Blunt Edges: Being almost sleepy is a whole lot better than being almost old and being old is a whole lot better than being almost dead.
I am a bit disappointed in your lack luster comment. No dripping sarcasm or smirking off handed nonsense. Yes – a huge disappointment.

Dianne: Oh, Dianne, Dianne, Dianne…what is this kicking me in the head thing? Are you saying I am stupid…don’t answer that. Are you saying I am a few udders short of a full bag? Don’t answer that either. Are you saying that dent in the side of my head is in the shape of a hoof? Don’t answer that.
Three cheers for child labor – no work, no eat. That's what I say.

Pat: Certainly over the top, way out of this world, and majorly unbelievable with a cow named Horrible Pat. What about Horrible Patty? Would that sell? I hope you have a great week!

Anonymous said...

Nope. Not getting any kitten.
But if I ever do, again, I won't name him Sally. :)
"Tctd&t"????? :o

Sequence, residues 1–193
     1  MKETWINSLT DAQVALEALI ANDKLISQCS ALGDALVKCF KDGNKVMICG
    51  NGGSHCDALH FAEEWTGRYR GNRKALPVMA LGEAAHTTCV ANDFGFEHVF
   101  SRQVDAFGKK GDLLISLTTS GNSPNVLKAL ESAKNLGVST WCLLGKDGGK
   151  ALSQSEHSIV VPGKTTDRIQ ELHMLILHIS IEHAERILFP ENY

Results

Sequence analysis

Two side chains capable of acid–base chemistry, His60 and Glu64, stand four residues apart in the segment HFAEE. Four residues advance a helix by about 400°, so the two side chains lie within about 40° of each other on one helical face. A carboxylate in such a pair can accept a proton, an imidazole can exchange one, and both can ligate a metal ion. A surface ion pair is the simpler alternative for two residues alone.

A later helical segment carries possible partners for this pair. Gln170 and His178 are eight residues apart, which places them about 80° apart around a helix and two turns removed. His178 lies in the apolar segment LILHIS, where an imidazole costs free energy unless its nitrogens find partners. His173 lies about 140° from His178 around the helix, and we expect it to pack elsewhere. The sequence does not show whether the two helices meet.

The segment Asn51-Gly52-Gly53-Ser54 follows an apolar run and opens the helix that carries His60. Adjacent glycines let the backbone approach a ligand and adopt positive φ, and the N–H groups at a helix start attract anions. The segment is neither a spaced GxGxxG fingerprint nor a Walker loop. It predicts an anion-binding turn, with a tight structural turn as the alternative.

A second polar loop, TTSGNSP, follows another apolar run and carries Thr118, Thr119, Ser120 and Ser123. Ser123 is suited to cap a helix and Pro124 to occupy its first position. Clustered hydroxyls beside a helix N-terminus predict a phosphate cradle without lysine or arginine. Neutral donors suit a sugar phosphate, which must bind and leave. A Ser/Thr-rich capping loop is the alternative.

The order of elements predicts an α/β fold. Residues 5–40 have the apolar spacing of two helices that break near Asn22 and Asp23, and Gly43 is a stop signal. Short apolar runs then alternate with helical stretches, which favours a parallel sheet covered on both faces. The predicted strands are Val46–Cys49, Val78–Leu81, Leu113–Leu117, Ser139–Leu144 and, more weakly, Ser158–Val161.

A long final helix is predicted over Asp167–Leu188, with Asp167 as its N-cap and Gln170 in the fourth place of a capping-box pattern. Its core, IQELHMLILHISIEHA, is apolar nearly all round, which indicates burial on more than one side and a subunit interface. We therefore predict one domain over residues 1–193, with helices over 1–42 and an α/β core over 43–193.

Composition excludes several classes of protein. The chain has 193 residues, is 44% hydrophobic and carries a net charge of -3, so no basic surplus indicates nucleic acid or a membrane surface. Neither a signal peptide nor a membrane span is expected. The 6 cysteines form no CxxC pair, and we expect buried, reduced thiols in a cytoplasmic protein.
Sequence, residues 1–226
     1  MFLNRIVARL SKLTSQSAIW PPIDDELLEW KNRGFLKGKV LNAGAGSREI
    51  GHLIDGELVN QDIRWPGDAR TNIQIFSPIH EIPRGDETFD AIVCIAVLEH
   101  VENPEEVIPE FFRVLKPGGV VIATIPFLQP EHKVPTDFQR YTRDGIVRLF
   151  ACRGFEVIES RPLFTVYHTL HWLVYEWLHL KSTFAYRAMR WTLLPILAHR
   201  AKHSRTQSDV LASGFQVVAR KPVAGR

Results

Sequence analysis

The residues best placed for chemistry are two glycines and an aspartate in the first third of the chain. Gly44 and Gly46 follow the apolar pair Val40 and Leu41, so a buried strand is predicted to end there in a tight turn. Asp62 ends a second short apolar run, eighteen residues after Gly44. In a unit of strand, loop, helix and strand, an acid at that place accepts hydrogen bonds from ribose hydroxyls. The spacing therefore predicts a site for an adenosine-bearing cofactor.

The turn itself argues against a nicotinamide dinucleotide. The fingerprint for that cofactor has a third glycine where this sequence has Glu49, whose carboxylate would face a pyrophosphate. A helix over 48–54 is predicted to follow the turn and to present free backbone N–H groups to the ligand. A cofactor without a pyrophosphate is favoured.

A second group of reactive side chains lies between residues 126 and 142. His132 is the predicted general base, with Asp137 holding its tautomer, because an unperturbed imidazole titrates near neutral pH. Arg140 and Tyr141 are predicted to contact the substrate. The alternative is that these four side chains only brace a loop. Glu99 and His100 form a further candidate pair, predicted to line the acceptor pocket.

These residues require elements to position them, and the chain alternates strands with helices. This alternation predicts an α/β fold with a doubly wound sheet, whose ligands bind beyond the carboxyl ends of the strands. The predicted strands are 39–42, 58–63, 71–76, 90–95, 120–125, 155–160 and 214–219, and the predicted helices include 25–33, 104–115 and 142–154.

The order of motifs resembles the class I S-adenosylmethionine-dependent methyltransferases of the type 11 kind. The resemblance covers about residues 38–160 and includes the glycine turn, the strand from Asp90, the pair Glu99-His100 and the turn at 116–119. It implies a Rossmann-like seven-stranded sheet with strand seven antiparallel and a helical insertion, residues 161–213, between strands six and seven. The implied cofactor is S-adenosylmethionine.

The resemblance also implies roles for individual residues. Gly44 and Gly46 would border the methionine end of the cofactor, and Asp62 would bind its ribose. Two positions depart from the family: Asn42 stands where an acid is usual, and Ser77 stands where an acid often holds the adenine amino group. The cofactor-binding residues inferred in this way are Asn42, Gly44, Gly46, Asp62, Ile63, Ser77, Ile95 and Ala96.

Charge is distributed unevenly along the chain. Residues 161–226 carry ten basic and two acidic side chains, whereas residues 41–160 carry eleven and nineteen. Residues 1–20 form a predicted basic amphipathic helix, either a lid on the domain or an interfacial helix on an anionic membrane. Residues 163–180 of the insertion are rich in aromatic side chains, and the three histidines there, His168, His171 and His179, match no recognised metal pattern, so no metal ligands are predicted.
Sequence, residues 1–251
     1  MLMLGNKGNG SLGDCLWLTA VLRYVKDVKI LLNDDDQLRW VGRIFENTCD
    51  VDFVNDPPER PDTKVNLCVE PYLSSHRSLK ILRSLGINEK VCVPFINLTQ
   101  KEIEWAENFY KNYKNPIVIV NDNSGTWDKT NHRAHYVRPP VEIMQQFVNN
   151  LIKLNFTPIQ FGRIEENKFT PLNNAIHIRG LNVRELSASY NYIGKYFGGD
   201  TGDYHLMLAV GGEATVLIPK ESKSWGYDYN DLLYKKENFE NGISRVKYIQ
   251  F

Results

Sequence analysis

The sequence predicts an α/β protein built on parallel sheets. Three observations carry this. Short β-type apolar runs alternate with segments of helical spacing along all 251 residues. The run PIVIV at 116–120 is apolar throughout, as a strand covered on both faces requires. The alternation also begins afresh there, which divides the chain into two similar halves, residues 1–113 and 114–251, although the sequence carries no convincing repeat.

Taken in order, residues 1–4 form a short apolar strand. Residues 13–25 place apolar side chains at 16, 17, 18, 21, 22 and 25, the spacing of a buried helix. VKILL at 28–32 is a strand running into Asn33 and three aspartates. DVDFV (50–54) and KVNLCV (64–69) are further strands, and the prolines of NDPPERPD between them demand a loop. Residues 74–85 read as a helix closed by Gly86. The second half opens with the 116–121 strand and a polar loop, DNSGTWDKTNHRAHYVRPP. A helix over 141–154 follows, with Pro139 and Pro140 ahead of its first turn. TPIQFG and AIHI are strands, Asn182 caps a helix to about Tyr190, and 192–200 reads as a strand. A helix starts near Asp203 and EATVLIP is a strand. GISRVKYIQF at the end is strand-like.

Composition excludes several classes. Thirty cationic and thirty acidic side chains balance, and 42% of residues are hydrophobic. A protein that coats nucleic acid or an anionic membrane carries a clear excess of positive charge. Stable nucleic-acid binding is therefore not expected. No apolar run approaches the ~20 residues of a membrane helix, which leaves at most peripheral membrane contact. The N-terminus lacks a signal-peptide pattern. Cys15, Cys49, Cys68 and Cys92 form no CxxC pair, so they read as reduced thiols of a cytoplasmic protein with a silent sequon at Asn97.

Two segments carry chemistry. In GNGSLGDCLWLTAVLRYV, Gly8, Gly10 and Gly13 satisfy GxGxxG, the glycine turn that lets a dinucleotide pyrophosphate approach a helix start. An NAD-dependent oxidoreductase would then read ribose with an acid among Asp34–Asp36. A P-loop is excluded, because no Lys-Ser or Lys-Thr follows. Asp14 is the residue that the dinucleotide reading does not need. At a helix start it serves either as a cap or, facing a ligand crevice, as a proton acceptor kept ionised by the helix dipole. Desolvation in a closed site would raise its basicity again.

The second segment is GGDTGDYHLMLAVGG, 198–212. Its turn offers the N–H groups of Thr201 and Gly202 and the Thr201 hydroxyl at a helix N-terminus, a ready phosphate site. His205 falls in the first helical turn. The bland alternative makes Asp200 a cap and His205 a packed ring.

Kindly explain the above BE Syndrome will you? :|

Grayquill said...

Choco: Hee Hee...Gottcha - Take Care Today & Tomorrow :)

Anonymous said...

Aha! That's a new one! A GQ special. :)

Brig said...

Done that and been there, more than once. My mother was forever telling me to wear my boots down at the barn. This short memory kid had on flip flops one day while washing show steers and one stepped on my foot and did a half turn for good measure. It did hurt. Learned my lesson though.

S. Susan Deborah said...


Your fear is still there otherwise why would you post with many spelling errors. Guess your mind was racing when you were thinking as well as typing about that day.

I tried hard to imagine the six-year old Grayquill but could not until . . .

I thought of Sally kicking GQ. Everything fell into place.

Take care.

Joy always,

Asif said...

hahaha a great post. Loved it a lot.
The line "I win you lose", instantly reminded me of the animated movie "SPIRIT".
I can understand it soo well whether why you remember that incident with such a detail.

wasn't there a lesson from RC at that time? :P
BTW I wonder whether you can ever name any of your cows "sally" again :D

lime said...

LOL, having frown up in dairy country i can imagine the scene all too well. you coulda tipped old sally in the night, no? heheheh ok, you were only 6. anyway, thanks for stopping by my place earlier. :)

Amrita said...

Great story GQ and moral too.

Clever cats